2NANO2 Kinetics of Au colloid Monolayer Self-Assembly
The aim of this experiment was to investigate the kinetic factors associated with the construction of 2-Dimensional arrays of metal nanoparticles on derivitised glass surfaces using UV-Vis spectroscopy. After establishing the time-dependence of surface assembly, the equilibrium constant for adsorption of gold (Au) particles onto glass surfaces was obtained by fitting a suitable isotherm to the UV-Vis data as a function of concentration of particles.
Self-assembled monolayer (SAM) is a modification method that is widely used to improve the stability and functionality of nanoscale and bulk materials. The technique is revolutionizing how interfaces and surfaces are modified for applications in biotechnology, molecular electronics, biosensors and chemical sensors (Schreiber, 2000). There has been a dramatic improvement of understanding of the process of self-organization of adsorbed molecular monolayers on surfaces due to recent applications of different in situ techniques. The self-organization process involves a number of steps — starting from transport of bulk solution and surface adsorption to continuing with the 2-dimensional organization on a substrate. The properties of atoms found on the surface of many important materials are the ones that determine the properties of the material.
The inorganic SAM surface chemistry controls the properties of materials such as semiconductor devices, bio-implants, heterogeneous catalysts and many more materials. The knowledge in the area of surface chemistry and morphology has been greatly advanced by the studies that have been done in the areas of mechanical properties and stability of inorganic monolayers. Functionally significant surface features exist on the micron scale of molecules, atoms, or larger particulate or supramolecular assemblies, which chemists are determined to create tailor-made materials with improved surface properties for improved or new applications (Kühnle, 2009). The knowledge of surface chemistry provide chemists with the opportunity to create tailored surface features by integrating various organic functional groups in the adsorbate molecules.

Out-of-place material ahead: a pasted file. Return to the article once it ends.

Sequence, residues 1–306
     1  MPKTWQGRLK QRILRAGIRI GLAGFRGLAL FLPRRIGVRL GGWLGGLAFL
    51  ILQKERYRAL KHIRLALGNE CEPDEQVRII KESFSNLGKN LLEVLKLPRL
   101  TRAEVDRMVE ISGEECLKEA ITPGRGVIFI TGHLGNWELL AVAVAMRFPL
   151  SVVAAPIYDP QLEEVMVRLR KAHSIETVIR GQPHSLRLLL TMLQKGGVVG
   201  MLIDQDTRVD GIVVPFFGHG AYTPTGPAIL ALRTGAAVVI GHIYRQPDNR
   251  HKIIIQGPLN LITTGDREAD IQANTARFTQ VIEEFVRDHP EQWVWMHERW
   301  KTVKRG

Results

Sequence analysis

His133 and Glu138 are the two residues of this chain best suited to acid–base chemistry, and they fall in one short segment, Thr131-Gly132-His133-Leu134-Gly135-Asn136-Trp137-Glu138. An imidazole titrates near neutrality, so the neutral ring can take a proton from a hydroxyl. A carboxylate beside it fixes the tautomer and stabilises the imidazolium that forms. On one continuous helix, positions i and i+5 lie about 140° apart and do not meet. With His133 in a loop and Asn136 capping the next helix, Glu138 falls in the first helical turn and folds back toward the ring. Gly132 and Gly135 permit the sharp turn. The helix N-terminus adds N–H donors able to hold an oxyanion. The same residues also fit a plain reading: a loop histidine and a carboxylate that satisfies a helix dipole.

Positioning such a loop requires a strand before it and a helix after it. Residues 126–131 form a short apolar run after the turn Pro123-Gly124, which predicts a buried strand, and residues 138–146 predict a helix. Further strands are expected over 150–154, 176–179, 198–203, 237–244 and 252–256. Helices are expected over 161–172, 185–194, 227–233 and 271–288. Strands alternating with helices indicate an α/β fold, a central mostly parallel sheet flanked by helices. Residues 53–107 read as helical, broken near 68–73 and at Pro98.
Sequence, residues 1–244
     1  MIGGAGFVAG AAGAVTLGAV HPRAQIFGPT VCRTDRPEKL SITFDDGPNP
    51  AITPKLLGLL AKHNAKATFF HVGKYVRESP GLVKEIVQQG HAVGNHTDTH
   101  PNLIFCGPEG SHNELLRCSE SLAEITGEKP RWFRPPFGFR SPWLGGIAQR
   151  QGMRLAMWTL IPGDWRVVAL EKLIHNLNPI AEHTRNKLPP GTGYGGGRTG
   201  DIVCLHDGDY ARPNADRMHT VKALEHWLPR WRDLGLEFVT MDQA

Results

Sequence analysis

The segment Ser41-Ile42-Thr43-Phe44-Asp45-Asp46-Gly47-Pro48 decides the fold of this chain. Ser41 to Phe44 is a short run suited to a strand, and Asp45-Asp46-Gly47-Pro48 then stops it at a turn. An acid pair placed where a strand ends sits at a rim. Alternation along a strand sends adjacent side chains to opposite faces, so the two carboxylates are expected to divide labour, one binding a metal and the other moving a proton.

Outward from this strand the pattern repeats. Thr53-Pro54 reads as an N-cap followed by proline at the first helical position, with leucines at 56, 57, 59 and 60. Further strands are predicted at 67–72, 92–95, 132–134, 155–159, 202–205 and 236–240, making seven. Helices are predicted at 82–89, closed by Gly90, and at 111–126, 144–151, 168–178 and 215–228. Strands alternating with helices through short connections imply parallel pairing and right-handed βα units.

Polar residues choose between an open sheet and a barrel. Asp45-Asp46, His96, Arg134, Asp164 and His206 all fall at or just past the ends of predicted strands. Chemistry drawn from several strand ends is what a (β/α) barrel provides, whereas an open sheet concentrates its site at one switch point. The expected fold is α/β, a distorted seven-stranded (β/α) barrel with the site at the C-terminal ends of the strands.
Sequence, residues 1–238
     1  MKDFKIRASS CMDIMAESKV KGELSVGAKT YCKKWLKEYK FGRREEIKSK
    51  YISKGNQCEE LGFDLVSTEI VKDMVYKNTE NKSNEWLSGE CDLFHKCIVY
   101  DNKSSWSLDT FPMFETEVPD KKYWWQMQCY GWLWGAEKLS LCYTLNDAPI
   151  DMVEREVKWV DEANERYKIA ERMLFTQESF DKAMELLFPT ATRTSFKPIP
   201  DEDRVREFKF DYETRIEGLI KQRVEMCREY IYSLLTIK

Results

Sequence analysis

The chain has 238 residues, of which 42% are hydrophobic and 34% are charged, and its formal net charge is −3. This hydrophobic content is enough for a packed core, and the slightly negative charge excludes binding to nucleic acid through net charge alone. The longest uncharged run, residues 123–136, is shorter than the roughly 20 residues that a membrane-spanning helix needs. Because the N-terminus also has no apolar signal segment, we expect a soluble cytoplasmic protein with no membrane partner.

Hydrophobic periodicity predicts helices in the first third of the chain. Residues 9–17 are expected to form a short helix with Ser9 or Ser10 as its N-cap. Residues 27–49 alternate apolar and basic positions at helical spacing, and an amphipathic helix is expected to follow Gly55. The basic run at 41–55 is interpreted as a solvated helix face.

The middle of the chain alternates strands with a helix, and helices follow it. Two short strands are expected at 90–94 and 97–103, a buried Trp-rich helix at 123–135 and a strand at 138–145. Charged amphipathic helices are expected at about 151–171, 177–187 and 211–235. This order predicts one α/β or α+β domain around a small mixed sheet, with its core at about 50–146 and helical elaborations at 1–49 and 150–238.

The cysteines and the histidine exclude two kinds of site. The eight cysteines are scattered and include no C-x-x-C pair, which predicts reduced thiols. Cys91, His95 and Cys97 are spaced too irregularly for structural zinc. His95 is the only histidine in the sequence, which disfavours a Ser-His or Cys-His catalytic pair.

A novel method utilized in controlling surface features is by self-assembly of monodispersed particle layer. Uniform particles can impart a reproducible nanostructure. Organic SAMs have been utilized in sensors, sub-micrometer lithographic patterning schemes and molecular electronics. However, the problem with these SAMs is lack of desirable features such as thermal stability, oxidation when exposed to open air, and desorption in organic solvents – factors which have limited their practical applications (Cao & Wang, 2011). The utilization of nanoparticle-based devices, more specifically those based on self-assembly monolayers, will ultimately improve the performance of these devices.
In this lab experiment, kinetics of Au nanoparticle self-assembly was investigated by use of bi-functional organosilane-coated glass microscope slides. When clean glass slides are exposed to a solution of 1% 3-aminopropyltrimethoxysilane (APTMS), a reaction occurs between the substrate hydroxyl groups and the organosilane, forming a siloxane bond. After rinsing and exposing salinized surfaces to Au colloid, self-assembled monolayer were formed at the surface of the metal (see figure 1).
Figure 1: A schematic diagram showing the process of formation of a monodispersed layer of Au nanoparticles.
The negatively-charged colloid particles of Au bind to the coated surfaces due to electrostatic interactions that occur between these particles and organosilane molecules. Optical spectra is measured by the presence of intense red-wine color of Au nanoparticles as the surface forms on the transparent substrate.
Cao, G. & Wang, Y., 2011. Nanostructures and Nanomaterials: Synthesis, Properties, and Applications. s.l.:World Scientific.
Kühnle, A., 2009. Self-assembly of organic molecules at metal surfaces. Current Opinion in Colloid and Interface Science, Volume 14, p. 157–168.
Schreiber, F., 2000. Structure and growth of self-assembling Monolayers. Progress in Surface Science, Volume 65, pp. 151- 256.